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Tracey Gets Loud at Work

Kelowna, British Columbia

TRACEY HAWTHORN’S STORY

For the past 30 years, Tracey has used her background in physiotherapy and kinesiology to help people with physical injuries return to work. In 2010, Tracey started as the Work Re-Integration and Accommodation Program Coordinator on the University of British Columbia Okanagan Campus. Soon after she began, Tracey realized that mental health issues play a large role in the return to work of the individuals with physical injuries.

“I knew that I needed to better understand mental health in the workplace to be effective in my role. I saw this as a business and social imperative. The first call I made was to the Canadian Mental Health Association (CMHA).”

Tracey already had a history with CMHA because her mother volunteered as a member of the National Executive Committee and as President. Together with CMHA, Tracy developed numerous workshops around mental health and the workplace.

TRACEY GETS LOUD

What Tracey has done to further mental health awareness and support is truly inspiring.

Tracey began networking with her peers. She co-created an employer’s Community of Practice on Psychological Safety and Health in the workplace as well as a Community of Practice for Psychological Health and Safety within Canadian Universities.

In 2014, she offered over 55 workshops to hundreds of staff and faculty on mental health/health and provided suicide prevention training to over 300 students, staff and faculty. A recent survey revealed that 81% of staff and 74% of faculty at UBC Okanagan Campus felt that they know how and where to access mental health and wellbeing resources on campus when needed which is a testament to the outreach the  has had on mental health.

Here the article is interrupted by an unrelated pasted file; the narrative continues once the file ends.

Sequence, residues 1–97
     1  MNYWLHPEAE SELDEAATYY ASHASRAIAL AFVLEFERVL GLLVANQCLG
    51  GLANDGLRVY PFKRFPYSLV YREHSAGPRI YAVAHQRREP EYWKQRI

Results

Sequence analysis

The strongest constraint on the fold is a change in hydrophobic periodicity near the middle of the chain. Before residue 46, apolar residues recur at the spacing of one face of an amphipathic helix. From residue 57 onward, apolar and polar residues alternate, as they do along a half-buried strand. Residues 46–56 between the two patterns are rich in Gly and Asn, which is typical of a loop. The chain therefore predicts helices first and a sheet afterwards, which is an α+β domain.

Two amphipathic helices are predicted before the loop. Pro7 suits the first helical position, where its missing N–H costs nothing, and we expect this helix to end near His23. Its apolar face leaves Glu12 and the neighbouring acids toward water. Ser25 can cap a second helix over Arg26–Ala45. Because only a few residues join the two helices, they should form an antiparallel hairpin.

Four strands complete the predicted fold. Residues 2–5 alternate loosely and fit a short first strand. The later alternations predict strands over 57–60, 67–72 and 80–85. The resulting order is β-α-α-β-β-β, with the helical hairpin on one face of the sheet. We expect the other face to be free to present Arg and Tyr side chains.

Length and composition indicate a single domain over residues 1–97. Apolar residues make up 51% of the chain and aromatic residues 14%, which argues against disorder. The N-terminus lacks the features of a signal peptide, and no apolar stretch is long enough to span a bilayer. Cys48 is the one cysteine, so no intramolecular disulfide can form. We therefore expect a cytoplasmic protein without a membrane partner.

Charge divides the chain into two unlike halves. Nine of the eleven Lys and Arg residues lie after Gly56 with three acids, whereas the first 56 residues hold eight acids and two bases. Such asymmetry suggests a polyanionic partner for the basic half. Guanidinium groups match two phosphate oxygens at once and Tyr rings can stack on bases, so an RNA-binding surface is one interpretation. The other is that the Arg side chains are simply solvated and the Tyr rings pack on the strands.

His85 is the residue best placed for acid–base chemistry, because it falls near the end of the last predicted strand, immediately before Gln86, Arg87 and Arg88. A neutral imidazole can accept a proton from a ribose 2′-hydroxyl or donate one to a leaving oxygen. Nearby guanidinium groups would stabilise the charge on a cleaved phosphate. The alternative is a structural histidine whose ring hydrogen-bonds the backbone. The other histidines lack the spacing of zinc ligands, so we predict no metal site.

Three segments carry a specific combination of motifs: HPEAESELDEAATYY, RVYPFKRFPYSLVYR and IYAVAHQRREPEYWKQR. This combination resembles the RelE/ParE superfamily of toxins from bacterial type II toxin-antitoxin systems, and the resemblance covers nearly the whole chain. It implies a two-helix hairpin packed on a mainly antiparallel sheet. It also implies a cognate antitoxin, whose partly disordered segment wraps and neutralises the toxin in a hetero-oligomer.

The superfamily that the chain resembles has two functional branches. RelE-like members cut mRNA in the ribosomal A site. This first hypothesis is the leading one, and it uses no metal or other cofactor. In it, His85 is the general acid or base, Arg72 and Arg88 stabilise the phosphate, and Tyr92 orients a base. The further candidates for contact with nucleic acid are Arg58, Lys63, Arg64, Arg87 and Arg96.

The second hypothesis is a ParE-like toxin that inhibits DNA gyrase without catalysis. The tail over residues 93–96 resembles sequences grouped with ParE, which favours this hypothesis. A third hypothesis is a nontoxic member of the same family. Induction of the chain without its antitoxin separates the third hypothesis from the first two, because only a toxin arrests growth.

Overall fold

Tracey2“We developed focus groups, and evaluations to determine mental health literacy, needs, and effectiveness of resources. … We trained faculty and staff regarding what mental illness is and isn’t, how to respond to this and how to refer appropriately…. We have provided a collaborative and respectful approach to working with and supporting psychological illness and injury.”

Tracey has had tremendous success in the Work Re-integration and Accommodation Program by focusing on mental health – the average number of sick days for Okanagan staff and managers dropped from 7.3 days in 2009 to 2.5 days in 2013.

“I believe that the support we have provided for our staff and faculty on mental health has allowed them to access the resources that they need to stay and work and lead healthy lives.”

Tracey continues to share her story and her successes with other employers and was recently able to present at the CMHA Bottom Line conference.

My goal is to inspire others to focus on prevention and support of mental health issues in the workplace so that everyone can be safe and healthy at work.”